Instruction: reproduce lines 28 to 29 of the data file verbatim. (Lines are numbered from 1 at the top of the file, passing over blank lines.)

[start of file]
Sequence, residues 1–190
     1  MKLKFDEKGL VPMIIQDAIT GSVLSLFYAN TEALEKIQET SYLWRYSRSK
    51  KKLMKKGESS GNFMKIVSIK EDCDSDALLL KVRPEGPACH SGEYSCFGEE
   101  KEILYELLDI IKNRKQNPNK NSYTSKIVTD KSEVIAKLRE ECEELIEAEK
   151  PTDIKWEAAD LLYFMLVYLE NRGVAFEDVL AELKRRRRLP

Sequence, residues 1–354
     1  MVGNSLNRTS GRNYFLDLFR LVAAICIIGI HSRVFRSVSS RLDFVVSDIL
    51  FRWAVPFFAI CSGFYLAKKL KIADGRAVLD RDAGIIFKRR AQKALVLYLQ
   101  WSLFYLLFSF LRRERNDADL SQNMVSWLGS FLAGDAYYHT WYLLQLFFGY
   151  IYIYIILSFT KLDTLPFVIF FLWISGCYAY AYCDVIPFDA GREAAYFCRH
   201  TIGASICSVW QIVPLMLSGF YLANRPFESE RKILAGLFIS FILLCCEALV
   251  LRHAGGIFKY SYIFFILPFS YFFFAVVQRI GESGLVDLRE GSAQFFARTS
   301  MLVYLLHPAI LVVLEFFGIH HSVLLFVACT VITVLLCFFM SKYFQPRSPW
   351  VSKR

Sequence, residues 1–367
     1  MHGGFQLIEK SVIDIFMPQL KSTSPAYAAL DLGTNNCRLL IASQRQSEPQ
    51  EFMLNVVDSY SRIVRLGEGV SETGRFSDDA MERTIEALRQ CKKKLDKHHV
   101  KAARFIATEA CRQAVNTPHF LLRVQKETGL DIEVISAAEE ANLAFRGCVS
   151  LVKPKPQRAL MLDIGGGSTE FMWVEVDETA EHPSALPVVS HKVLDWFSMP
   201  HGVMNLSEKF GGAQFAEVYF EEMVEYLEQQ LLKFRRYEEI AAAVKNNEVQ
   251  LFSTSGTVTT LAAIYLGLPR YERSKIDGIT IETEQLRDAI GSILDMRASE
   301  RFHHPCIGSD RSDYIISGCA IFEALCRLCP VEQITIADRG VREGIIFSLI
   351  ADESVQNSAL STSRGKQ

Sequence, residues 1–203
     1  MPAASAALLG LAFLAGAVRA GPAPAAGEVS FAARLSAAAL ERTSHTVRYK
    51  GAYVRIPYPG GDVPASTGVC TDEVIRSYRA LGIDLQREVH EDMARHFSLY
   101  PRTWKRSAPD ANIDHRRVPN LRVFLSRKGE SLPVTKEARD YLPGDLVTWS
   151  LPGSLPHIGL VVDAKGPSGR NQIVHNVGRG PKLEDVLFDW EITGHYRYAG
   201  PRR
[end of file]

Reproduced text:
   151  LPGSLPHIGL VVDAKGPSGR NQIVHNVGRG PKLEDVLFDW EITGHYRYAG
   201  PRR